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Broadcast Consoles

What ever happened to Ampro and their line of consoles?  Seems like you couldn't go into a station in the 70's or even the early 80's without seeing one of their very distinctive and rock-solid consoles.  I remember these consoles in WOKK, WALT, and WMSB, to name a few stations.  Word has it that KNOM had one as well.  If you've got info on Ampro consoles or other vintage console models that you'd like to share with the world, drop me a line.  

Here's  the Ampro AC-8 (from the original installation manual)

Ampro AC-8 - Click for view of AC-10

Here's the LC-12, the linear-fader version of the AC-12:

Ampro LC-12 Broadcast Console


Ampro AC- and LC-series consoles really were very rugged (as were many vintage consoles), being designed for use 24 hours a day, 365 days a year.  The only problems that I've ever experience with one involved worn-out contacts on the input selector switch banks (right above the "audition" / "program" toggle switch that Ampro curiously labeled "Ch 1" /  "Ch 2").  I've also seen some wear on a few of the rotary-type step attenuators.  If you need schematics or specs, I have a complete service manual on the AC- and LC-series consoles, and do have an AC-6 that still runs well, including all inputs, the cue amplifier, and the monitor amplifiers.  I'd hate to think that it might be the last of its kind.  It is over 25 years old, and its signal-to-noise ratio isn't great (by comparison to today's digital-ready and all-digital consoles), but let's see if any of the consoles made this year are still running 25 to 30 years from now.

I've got an interest in consoles from other manufacturers as well.  If you've got info about (or better yet pictures of) other consoles, drop me a line.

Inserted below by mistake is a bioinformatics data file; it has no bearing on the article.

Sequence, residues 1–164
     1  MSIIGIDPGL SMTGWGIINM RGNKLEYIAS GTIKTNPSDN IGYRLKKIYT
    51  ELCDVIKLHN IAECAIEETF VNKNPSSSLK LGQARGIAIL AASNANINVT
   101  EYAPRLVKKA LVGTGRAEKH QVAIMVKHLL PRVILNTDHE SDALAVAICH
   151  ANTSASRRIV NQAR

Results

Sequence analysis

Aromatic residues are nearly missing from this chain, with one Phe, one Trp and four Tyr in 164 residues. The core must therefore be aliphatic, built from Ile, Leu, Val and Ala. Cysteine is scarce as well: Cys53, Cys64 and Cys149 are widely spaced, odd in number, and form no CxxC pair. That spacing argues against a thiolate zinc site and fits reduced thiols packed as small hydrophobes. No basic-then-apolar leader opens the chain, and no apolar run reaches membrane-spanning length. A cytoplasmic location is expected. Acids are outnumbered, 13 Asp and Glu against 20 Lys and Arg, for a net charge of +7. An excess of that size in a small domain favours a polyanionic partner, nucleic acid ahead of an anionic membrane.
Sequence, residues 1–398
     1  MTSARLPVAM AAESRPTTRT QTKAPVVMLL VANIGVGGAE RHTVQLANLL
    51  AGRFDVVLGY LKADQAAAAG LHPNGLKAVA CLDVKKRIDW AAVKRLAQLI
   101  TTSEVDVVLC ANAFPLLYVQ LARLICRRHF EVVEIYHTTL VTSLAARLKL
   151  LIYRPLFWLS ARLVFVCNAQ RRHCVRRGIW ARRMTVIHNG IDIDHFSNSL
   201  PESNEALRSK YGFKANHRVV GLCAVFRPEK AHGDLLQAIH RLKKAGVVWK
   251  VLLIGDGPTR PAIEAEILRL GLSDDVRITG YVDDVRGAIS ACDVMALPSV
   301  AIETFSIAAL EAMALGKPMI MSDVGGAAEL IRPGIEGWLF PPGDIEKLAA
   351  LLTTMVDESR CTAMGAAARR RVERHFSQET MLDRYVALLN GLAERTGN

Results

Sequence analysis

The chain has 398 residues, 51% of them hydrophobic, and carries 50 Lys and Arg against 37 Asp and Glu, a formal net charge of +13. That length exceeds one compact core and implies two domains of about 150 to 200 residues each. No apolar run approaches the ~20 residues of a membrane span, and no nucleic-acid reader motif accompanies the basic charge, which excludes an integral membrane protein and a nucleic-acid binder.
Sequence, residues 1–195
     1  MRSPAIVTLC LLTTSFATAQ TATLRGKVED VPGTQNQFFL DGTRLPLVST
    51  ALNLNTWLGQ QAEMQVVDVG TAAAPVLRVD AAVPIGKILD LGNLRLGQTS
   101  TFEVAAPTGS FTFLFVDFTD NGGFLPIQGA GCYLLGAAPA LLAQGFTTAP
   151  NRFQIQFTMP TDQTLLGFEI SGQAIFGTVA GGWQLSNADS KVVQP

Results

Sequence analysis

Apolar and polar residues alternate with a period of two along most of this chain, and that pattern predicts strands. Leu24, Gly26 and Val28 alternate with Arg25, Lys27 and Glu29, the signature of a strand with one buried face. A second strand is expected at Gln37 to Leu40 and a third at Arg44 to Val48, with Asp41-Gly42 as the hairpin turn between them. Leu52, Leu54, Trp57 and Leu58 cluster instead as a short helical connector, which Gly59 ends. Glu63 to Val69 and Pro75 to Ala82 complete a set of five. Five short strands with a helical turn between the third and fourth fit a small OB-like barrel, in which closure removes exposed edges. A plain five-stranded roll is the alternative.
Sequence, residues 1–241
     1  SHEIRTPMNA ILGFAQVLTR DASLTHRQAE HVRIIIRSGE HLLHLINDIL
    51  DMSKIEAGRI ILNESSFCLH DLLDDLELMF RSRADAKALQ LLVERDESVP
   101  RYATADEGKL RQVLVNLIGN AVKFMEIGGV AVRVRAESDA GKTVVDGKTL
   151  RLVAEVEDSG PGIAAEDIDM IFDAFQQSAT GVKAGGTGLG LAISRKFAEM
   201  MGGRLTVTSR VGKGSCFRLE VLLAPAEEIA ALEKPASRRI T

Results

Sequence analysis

Below is a shot of an old Harris Medalist-8 console.

Harris Medalist 8

And an even older Harris Stereo 5

Harris Stereo 5


And, of course, what discussion of broadcast consoles would be complete without the Gates console known as "the Yard"?  The one shown below was modified over the years to include two extra input channels (the pots on the left).  These mono consoles were all characterized by the huge VU meter on the right-hand side of the board.  

Gates - The Yard


Modern digital consoles can be stand-alone systems or part of a router-based audio network. In fact, the device in the control room may not even be a console at all, but rather a control surface that communicated with a centrally located routing and mixing mainframe. Such a control surface has no audio in it, but functions like a fancy keyboard on a computer.  Because of the digital signaling, some are able to function as either standalone or router-based.


Here are some folks who are still making analog consoles for broadcast:

Arrakis Systems - In Fort Collins, CO.

ATI - In Horsham, PA - Their Vanguard line is great for the studio, and their NanoAmp series are great portable solutions!  They also make meters and other audio devices.

AutoGram - Originally from Plano, TX, got their start by building consoles for Collins, now part of CRL, in Benton, AR.

Dateq - Dutch manufacturer of broadcast and disco mixers and other devices, including some unique limiters.

Radio Systems - Check out their Millenium line.

In the digital world, of course Harris is making great strides.  The following companies have some great products as well.

Arrakis Systems - Check out their "Revolution" digital console.

Logitek - In Houston - They have some fabulous all-digital consoles.



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This page last updated 7/31/2007